On the company’s primary packaging lines, secure deployment of the expiration date and other data was sent to the coders. The printer is automatically set up with the correct coding information. The line also stops entirely if the printer goes into a fault state.

The sensors on the system detect whether or not a code is present. If one “No Read” is detected, it will reject the product, but not stop the line. If more than three “No Reads” are detected, the entire line will stop until the problem is fixed. This means the company can get ahead of the problem before it results in significant waste and potential recalls.

For packaging errors, a verification process was put in place. Expiration dates and other data is sent to the carton printers. Sensors verify correct packaging using inline checking of bar codes. They also verify that the correct code is placed on the box.

USER EXAMPLE: Identify similar packaging

In another example, a major prepared meals company needed to differentiate between products with similar packaging. The company manufactured a number of different soups and sauces, all of which used very similar packaging. As a result, incorrect pots were often used with products. In addition, numerous product changeovers led to increased downtime while waiting to manually set up the equipment.

All this was solved with a modular approach. Various bar-code scanners now scan every spinning soup pot to confirm the correct one is being used. Expiration dates and other data are sent to the printers and then verified by sensors. Packaging errors were greatly reduced, if not entirely eliminated, and the system was better able to accommodate the various product changeovers, leading to increased uptime.

USER EXAMPLE: Prevent incorrect labels

Another company utilizes a modular system to ensure the correct labels are used for each product. The company uses similar packaging for all products, but each product type needs a different side label, top label, and bottom label attached. Because the packaging and each individual product look very similar to one another, the manufacturer was running the wrong labels on packaging.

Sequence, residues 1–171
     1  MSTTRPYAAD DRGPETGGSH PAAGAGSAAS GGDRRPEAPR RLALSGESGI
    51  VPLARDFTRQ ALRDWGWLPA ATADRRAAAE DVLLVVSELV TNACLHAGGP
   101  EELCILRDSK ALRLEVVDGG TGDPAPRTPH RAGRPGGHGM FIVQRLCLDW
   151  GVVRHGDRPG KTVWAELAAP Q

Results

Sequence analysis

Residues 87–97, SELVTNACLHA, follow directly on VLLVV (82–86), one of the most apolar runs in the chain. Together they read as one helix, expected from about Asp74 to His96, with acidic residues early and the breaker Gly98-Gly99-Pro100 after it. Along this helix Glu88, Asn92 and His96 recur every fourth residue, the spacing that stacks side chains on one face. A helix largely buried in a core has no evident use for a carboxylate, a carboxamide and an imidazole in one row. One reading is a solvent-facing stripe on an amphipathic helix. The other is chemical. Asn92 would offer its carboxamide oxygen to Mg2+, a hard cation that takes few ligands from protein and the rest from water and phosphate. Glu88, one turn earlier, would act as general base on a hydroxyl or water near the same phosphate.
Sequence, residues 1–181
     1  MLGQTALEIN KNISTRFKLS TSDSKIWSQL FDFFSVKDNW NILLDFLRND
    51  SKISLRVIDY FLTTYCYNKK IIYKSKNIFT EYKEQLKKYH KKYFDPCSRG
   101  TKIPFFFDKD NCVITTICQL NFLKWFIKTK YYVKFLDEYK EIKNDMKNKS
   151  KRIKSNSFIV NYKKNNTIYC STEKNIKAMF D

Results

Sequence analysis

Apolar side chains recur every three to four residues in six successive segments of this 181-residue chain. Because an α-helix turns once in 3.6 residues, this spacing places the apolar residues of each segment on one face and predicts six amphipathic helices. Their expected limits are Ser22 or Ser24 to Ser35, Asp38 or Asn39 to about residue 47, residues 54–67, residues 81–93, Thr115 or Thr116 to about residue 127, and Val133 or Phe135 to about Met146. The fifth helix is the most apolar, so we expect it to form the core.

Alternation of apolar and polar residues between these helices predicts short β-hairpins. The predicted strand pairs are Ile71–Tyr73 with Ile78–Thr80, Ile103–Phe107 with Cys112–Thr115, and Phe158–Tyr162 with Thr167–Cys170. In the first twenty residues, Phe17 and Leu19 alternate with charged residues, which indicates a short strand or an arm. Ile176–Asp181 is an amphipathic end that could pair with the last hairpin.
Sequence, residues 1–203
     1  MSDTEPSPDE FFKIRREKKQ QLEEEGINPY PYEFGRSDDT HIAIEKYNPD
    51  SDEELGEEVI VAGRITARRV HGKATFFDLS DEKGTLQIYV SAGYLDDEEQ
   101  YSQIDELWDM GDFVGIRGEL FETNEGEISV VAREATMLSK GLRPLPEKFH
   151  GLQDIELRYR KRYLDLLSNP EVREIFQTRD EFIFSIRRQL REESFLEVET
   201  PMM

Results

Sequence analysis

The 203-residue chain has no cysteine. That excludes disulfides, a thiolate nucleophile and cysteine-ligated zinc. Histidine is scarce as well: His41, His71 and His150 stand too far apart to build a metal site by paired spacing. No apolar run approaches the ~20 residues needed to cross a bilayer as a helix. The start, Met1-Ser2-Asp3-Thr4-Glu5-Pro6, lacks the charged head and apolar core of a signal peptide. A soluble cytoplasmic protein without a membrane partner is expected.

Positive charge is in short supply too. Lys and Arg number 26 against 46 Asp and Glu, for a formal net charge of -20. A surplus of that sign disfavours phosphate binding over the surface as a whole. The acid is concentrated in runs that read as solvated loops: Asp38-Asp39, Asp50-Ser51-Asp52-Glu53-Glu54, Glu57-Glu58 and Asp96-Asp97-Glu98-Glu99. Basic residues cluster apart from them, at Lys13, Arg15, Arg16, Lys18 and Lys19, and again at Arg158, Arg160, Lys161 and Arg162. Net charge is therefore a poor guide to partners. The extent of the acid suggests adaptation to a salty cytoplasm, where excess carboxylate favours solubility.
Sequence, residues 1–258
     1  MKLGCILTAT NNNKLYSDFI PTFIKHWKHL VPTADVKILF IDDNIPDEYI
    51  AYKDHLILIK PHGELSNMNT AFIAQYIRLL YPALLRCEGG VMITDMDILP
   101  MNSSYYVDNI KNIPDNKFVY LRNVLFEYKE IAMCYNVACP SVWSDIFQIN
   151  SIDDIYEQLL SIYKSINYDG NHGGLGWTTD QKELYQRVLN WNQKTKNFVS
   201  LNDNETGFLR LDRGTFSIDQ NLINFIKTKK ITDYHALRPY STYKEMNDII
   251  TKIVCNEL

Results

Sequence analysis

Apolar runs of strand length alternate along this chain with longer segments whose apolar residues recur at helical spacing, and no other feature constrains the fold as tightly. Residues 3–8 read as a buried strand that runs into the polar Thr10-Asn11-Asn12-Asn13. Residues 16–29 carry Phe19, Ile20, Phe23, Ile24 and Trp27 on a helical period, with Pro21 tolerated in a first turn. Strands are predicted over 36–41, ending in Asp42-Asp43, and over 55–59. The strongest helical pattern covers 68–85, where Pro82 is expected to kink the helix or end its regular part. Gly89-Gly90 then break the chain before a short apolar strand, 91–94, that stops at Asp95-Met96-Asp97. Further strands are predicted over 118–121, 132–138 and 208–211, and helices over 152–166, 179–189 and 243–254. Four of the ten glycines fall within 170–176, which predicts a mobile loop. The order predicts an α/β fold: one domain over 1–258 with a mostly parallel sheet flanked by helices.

When this happened, the entire line had to stop and then workers needed to backtrack and find where the incorrect labeling started. It took a significant amount of time to retrace the problem to where it started. The manufacturer was fortunately able to save the product, but workers had to remove the incorrect labels and run them down the line again to replace them. To avoid high labor costs for quality control, the company decided on a vision sensor and software package that more reliably detects mistakes and avoids rework.

Future-proof traceability

Packaging and coding mistakes account for a high proportion of food product recalls, having a devastating impact on food manufacturers’ brand and business costs. Taking appropriate measures to prevent such a recall has to be a priority for food and drink suppliers.

With a modular sensor and software solution, manufacturers can ensure their products will leave the factory in the right packaging with the correct label and coding information. This comprehensive package and product monitoring and control setup can eliminate these errors.

Additionally, by automating the setup of printers and other packaging line devices, with the potential to link directly to an MES or ERP system, there is a significant reduction in job setup and changeover time. By reducing downtime, the packaging line can run for longer periods with improved efficiency and increased productivity.


How a coding management and packaging verification solution works.

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About The Authors

Steve Winski is the national sales manager for consumer goods at SICK, Inc., based in Minneapolis. He holds a BS in computer and electrical engineering from Purdue University and has more than 35 years of experience in controls, automation, and manufacturing software.